Saturday, March 21, 2015

God the Same Yesterday, Today and Tomorrow (Lent 5B)

An enthusiastic student bounced into music class one day and asked the teacher “What’s the good news for today?”

The teacher picked up a tuning fork and struck it. A clear note emerged and the teacher said, “There’s the good news for today. That, my friend, is an A. It was an A yesterday, and it will be an A tomorrow, and next week, and for a thousand years.

“The soprano in the senior choir sings off-key; the tenor flats his high notes, and the piano here in the music room is sometimes out of tune, but that is an A.”

God is like the music teacher’s “A”. He is steadfast, consistent, and always loving. We may go flat by falling into sin. We may stop reading his music. We may decide other notes are more to our liking. But God remains who and what he is.

As we heard in our reading from the Prophet Jeremiah: I will be their God, and they shall be my people. God remains faithful to us. In spite of our weaknesses and failures, he keeps offering us fresh opportunities to be reconciled with him.

Lent reminds us of God’s consistency, and of the fact that he always keeps his promises. The most important and fundamental promise, of course, was that he would send a Messiah to heal our sins and open the gates of heaven to us. Today’s readings show us how magnificently God did this, sending his only begotten Son to be lifted up on the cross, to draw all people to himself—“the source of eternal salvation for all who obey him.”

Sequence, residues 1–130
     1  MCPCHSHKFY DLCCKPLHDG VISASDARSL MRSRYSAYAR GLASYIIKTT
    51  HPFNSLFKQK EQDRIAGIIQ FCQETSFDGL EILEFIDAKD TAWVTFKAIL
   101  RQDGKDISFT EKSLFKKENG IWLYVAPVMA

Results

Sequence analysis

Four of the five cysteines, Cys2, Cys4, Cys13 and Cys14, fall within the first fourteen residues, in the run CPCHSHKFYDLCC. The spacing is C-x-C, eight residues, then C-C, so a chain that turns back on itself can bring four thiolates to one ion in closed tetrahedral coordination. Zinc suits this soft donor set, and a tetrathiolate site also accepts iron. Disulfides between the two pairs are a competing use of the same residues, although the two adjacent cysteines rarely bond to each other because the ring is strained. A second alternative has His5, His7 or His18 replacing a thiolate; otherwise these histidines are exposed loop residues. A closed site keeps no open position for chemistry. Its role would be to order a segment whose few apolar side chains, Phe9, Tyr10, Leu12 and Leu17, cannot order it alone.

Even before the birth of Jesus, God rescued his people time after time through a series of covenants. He gave them signs and sent prophets to preach that he would not give up on Israel. And eventually he promised a new covenant—an eternal covenant.

The new covenant isn’t engraved on stone tablets like the covenant with Moses on Mount Sinai; it’s written, as Jeremiah tell us, on our hearts. The human heart is changed, because the law of God is inscribed upon it. The new covenant “will bring about a change of hearts and the gift of the divine spirit” (Cf. Ezekiel 36, 26 ff; Xavier Léon-Dufour, Dictionary of Biblical Theology, 2nd ed., 96).

We are the people of the new covenant. We have the law written on our hearts, wounded though they are.

Jesus fulfills the promises made through the prophets. He draws us to himself from his throne upon the cross. We have the Church, the saints, the sacraments, Scripture and, most important, the Holy Spirit to guide us.

Still, many of us seem to be tone-deaf. We cannot hear God’s message, consistent and faithful as the music teacher’s “A”. God’s message is that he wants us to grow closer to him; to be with him forever.

In these last two weeks before Easter, let’s slow down and listen to the music. We can find time to harmonize our busy schedules with our need for prayer; we can look into our hearts to see where we’ve gone flat or sharp in our relations with God or others.

Let’s make a special effort to train our ears on the still small voice that calls us by name, perhaps by spending some time reading the Word of God. We desperately need to hear the crisp clear notes of the unchangeable teachings of Christ, given the uncertain trumpet that sounds in modern society.

There is still enough time for each of us to claim Christ’s loving promise of mercy, freedom and abundant life, so we can sing a new song at Easter and forever. 

I don't make much use of homily services, and when I do I generally revise the outline considerably. But this week I have relied very closely on a delightful homily by an anonymous author in "Homilies: Sunday and Weekday Masses, January - March 2015," published by Faith Catholic Publishing and Communications, an arm of the Diocese of Lansing, MI. This fine outfit also produces commentaries and intercessions for use at Mass.

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